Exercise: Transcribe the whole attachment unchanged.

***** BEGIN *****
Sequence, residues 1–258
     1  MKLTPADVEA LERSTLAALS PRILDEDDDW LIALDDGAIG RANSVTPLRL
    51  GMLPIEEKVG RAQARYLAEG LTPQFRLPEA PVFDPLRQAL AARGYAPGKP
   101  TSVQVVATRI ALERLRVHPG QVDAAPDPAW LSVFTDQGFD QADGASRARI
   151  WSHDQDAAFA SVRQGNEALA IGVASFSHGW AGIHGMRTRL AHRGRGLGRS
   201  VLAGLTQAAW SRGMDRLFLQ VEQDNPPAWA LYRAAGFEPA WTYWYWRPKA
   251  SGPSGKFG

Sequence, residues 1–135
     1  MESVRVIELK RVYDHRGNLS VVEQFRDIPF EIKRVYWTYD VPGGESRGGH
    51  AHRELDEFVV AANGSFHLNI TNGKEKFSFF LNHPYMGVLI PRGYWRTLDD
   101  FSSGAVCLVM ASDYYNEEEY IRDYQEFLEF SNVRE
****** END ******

Sequence, residues 1–258
     1  MKLTPADVEA LERSTLAALS PRILDEDDDW LIALDDGAIG RANSVTPLRL
    51  GMLPIEEKVG RAQARYLAEG LTPQFRLPEA PVFDPLRQAL AARGYAPGKP
   101  TSVQVVATRI ALERLRVHPG QVDAAPDPAW LSVFTDQGFD QADGASRARI
   151  WSHDQDAAFA SVRQGNEALA IGVASFSHGW AGIHGMRTRL AHRGRGLGRS
   201  VLAGLTQAAW SRGMDRLFLQ VEQDNPPAWA LYRAAGFEPA WTYWYWRPKA
   251  SGPSGKFG

Sequence, residues 1–135
     1  MESVRVIELK RVYDHRGNLS VVEQFRDIPF EIKRVYWTYD VPGGESRGGH
    51  AHRELDEFVV AANGSFHLNI TNGKEKFSFF LNHPYMGVLI PRGYWRTLDD
   101  FSSGAVCLVM ASDYYNEEEY IRDYQEFLEF SNVRE